ALCOHOL ABUSE, TEEN - Overview, Facts, Types, Symptoms, Diagnosis & Medications


Teen alcohol abuse disorder is an example of alcohol abuse by teens that includes issues controlling drinking, being distracted with liquor, proceeding to use liquor even when it causes issues, drinking more to get a similar impact, or having withdrawal side effects when you are quickly lessening or quitting drinking.

Alcohol abuse includes too much of consuming alcohol that affects your health and safety and causes some alcohol-related problems. It includes hard-core drinking—a form of drinking alcohol where a male already consumes five or more drinks within two hours or a female who consumes at least four alcoholic drinks within two hours. Hard core drinkers may develop serious health and safety risks.

You will likely have alcohol abuse disorder if you are continually drinking with the same reasons like significant distress and issues working in your daily life. It can extend from mild to extreme that leads to serious health problems that are needed to be treated right away.

Teens are prone in exploring with drugs, setting their health and safety at risk. By teaching teens about the effects of using alcohol and the importance of their health, we can help prevent alcohol abuse.

Insecurity for a social acknowledgement is one of the factors that contribute to teen drug abuse.  Teens often feel indestructible and will not consider the effects of their actions, and it leads to a dangerous situation—such as legal and illegal drug and alcohol abuse.

Common risk factors for teen drug abuse may include the following

  • A family history of substance abuse
  • A mental or social condition, for example, despondency, uneasiness or attention deficit hyperactivity disorder (ADHD)
  • Impulsive conduct
  • A history of horrendous crimes and accidents
  • Low confidence or sentiments of social dismissal


Alcohol abuse can be mild, moderate or extreme, in light of the quantity of side effects that you encounter.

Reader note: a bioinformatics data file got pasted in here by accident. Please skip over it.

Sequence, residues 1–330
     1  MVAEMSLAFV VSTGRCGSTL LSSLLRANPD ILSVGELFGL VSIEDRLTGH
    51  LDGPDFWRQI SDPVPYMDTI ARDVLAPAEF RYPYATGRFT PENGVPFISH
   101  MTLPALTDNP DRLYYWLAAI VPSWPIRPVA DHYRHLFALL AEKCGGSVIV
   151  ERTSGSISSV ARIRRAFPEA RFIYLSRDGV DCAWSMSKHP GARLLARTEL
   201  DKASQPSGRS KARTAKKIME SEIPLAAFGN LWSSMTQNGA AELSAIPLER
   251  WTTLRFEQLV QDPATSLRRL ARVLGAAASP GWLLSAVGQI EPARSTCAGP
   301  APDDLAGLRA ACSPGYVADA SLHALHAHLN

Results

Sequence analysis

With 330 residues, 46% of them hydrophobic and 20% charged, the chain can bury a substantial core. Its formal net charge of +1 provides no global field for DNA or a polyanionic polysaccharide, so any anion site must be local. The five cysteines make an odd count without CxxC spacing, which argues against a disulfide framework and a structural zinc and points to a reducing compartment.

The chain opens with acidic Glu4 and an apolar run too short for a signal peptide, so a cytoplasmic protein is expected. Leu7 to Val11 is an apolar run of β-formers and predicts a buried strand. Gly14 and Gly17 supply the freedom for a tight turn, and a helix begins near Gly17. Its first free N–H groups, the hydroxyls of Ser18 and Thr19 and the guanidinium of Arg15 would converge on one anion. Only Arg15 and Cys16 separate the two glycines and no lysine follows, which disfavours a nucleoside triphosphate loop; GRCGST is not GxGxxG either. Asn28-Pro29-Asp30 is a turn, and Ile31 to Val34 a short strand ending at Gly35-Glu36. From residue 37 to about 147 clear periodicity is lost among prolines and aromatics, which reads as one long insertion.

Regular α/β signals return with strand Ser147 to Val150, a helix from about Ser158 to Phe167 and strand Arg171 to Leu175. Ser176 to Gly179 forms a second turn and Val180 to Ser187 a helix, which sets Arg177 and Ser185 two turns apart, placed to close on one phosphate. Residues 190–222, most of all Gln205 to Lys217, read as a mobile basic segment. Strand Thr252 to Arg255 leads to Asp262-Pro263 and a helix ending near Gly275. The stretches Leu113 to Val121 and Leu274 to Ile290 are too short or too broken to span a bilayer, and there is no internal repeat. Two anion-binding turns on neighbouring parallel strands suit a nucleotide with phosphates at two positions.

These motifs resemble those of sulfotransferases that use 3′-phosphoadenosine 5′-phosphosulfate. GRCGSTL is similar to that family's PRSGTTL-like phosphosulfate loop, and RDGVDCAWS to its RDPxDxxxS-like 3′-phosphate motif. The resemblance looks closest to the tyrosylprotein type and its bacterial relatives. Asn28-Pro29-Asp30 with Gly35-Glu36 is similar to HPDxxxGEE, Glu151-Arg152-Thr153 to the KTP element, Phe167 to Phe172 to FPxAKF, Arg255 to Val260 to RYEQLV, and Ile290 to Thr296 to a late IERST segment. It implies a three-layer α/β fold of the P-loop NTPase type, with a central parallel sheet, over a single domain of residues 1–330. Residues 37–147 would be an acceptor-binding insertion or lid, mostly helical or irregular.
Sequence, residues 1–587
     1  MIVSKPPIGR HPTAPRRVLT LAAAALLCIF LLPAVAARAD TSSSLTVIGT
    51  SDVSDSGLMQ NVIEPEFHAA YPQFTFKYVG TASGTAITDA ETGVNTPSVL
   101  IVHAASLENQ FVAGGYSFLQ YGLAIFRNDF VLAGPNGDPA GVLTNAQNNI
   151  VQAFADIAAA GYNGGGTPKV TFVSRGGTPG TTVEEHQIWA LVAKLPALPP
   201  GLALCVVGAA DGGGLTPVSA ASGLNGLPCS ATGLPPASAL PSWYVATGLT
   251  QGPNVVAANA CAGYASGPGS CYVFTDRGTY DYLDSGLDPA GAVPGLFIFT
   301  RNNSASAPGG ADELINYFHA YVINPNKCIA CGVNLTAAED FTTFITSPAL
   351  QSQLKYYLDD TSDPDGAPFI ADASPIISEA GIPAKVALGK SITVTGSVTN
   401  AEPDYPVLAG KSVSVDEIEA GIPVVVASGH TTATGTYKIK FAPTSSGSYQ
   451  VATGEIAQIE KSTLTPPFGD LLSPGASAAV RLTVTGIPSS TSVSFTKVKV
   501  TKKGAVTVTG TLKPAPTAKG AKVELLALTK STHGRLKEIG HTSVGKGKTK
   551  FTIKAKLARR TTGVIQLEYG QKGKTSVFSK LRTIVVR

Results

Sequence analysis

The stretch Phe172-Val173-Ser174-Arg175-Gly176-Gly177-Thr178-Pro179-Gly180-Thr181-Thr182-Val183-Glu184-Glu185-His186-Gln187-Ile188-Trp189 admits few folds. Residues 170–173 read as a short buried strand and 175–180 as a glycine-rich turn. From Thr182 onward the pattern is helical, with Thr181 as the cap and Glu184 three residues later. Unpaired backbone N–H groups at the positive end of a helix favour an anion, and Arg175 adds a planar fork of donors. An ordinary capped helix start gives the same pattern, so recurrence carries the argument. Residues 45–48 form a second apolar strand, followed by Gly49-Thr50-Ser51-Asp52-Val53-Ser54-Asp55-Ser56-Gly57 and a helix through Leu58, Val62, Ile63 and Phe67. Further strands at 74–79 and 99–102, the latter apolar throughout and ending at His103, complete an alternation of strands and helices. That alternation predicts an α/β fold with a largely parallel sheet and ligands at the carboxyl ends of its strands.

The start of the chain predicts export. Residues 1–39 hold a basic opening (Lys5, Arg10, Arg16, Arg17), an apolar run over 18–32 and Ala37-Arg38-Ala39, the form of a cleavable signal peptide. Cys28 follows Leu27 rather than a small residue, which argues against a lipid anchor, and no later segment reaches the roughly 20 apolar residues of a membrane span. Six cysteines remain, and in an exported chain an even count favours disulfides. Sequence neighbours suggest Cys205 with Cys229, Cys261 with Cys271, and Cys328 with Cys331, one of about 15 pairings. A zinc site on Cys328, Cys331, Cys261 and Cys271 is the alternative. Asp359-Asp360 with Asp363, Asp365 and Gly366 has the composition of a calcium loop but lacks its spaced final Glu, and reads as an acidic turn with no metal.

Signs and symptoms may include:

  • Unable to limit yourself from the amount of alcohol you drink
  • Deciding to eliminate some amount you can drink but making unsuccessful attempts
  • Spends lot of time drinking, getting liquor or re-coping with alcohol use
  • Craving for liquor to drink
  • Failed to satisfy some major commitments at work, school or home due to repeated alcohol use
  • Still consuming alcohol despite the fact that you know its effects to your physical, social or personal health
  • Having more time drinking alcohol that doing social and work activities and hobbies
  • Consuming alcohol in the circumstances that its not safe, such as driving and swimming
  • Building up a tolerance to liquor so you require more to feel its impact or you have a lessened impact from similar amounts
  • Encountering withdrawal symptoms, for example, sickness, perspiring and shaking, when you don’t drink, or drinking to maintain a strategic distance from these side effects.

Signs and symptoms of alcohol intoxication include:

  • Sweating,
  • Rapid heartbeat
  • Hand tremors
  • Problems sleeping
  • Nausea and vomiting
  • Hallucinations
  • Restlessness and agitation
  • Anxiety
  • Occasionally, seizures

Severe symptoms can unable you to function properly at work and in social situations.


You will be referred to a mental health professional if your healthcare specialist suspects that you are having an alcohol problem.

To evaluate your alcohol use disorder, your specialist will probably ask questions about your drinking habits.

The specialist may request authorization to talk with relatives or companions.

Your specialist may do a complete a physical exam and will investigate about your health.  There are numerous physical signs that show problems of liquor use.

While there are no particular tests to analyze alcohol abuse, your doctor may order tests to assess your health. Also, you may require tests to recognize medical issues that might be connected to your alcohol abuse.

A mental assessment may be done.



Treatment for alcohol abuse can change, depending on what you need.

Treatments may include a short psychotherapy session, individual or group counseling, an outpatient program, or a private inpatient plan.

Attempting to stop the utilization of liquor to enhance personal satisfaction is the primary treatment objective.

Treatment of alcohol abuse may include:

  • Detox and withdrawal
  • Learning skills and establishing a treatment plan
  • Psychological counseling
  • Oral medications
  • Injected medications
  • Continuing support
  • Treatment for psychological problems
  • Medical treatment for health conditions
  • Spiritual practice

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